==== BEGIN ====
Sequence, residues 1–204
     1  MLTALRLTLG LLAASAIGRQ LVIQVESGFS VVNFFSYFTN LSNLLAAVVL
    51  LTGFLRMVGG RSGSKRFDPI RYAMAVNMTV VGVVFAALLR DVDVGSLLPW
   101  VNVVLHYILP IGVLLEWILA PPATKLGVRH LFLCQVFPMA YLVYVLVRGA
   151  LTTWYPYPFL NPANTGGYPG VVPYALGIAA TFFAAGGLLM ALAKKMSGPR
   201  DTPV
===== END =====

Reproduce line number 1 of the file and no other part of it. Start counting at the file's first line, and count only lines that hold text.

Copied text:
Sequence, residues 1–204